In the 1930s, the American Library Association (ALA) created the Young People’s Reading Roundtable and a list of suggested children’s and adult novels. This was the first time that literature was marketed directly to teens. About thirty years later, in 1958, the term “young adult” came into being.
In 1967, S.E.Hinton’s “The Outsiders” changed the direction of YA literature and kicked off the first golden age of this genre. Plots, characters, and settings would become more adult. Since its publication, more than 15 million copies of “The Outsiders” have been sold. Judy Blume and Robert Cormier tackled tough teen issues in the 70s. “The Chocolate War” was about bullying and “Forever” and “Are You There God? It’s Me, Margaret” dealt with growing up.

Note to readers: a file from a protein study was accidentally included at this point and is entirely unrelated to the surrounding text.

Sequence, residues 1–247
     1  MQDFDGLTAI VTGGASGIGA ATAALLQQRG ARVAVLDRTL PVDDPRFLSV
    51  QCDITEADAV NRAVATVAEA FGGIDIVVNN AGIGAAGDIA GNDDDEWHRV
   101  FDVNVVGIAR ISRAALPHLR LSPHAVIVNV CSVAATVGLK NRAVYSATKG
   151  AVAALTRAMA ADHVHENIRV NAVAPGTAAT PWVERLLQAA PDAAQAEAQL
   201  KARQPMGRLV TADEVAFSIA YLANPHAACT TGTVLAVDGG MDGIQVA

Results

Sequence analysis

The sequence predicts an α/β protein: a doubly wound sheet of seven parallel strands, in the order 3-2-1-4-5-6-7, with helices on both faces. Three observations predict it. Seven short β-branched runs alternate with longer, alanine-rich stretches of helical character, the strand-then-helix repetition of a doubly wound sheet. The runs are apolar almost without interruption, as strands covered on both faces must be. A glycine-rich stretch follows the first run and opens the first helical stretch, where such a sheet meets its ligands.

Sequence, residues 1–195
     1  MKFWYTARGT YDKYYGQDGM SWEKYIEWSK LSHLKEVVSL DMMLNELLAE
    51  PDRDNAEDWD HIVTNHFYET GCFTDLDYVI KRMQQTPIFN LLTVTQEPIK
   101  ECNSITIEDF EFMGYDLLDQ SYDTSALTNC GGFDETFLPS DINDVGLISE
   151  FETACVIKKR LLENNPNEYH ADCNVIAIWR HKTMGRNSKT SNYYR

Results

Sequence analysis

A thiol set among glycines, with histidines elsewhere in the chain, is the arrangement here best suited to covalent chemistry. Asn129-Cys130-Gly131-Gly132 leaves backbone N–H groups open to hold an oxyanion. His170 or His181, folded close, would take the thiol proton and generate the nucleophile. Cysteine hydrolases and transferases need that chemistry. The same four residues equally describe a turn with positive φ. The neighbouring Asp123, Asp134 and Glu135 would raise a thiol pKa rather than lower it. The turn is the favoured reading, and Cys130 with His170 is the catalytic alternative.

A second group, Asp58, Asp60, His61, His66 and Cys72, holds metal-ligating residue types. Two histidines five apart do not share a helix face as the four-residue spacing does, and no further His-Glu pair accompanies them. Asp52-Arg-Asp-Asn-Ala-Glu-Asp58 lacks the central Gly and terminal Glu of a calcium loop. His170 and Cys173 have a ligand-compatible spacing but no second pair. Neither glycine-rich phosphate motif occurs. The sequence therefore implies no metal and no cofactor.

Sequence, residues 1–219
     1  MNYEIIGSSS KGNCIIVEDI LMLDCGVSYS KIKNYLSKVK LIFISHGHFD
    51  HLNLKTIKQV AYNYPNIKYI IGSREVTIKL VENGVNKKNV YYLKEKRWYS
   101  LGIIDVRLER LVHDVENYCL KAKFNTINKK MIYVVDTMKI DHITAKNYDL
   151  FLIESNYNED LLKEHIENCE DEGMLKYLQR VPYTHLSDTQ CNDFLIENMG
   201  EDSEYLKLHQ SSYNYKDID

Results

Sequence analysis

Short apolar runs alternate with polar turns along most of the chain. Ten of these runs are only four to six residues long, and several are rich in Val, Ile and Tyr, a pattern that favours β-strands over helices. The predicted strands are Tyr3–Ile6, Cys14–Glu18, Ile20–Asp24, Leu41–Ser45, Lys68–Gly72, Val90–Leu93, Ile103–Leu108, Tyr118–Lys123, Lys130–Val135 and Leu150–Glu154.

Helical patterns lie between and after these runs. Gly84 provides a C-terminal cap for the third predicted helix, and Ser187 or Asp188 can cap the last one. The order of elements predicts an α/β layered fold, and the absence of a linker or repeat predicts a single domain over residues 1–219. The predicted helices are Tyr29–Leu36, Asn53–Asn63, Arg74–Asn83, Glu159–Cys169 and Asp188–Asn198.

In the 1980s Francine Pascal created the “Sweet Valley High” series. With its publication the age of YA franchising is born. A TV show, a board game, and nine books are spun off from the series. The second golden age of YA literature comes about with the publication of the Harry Potter series. In 2005, Stephanie Meyer’s vampire romances find a huge fan base.
Diane Roback, a children’s book editor, says that kids are finding the Next Big Thing on their own. Whatever is on the horizon for YA literature will be dictated by the world teens live and the experiences they want to read about.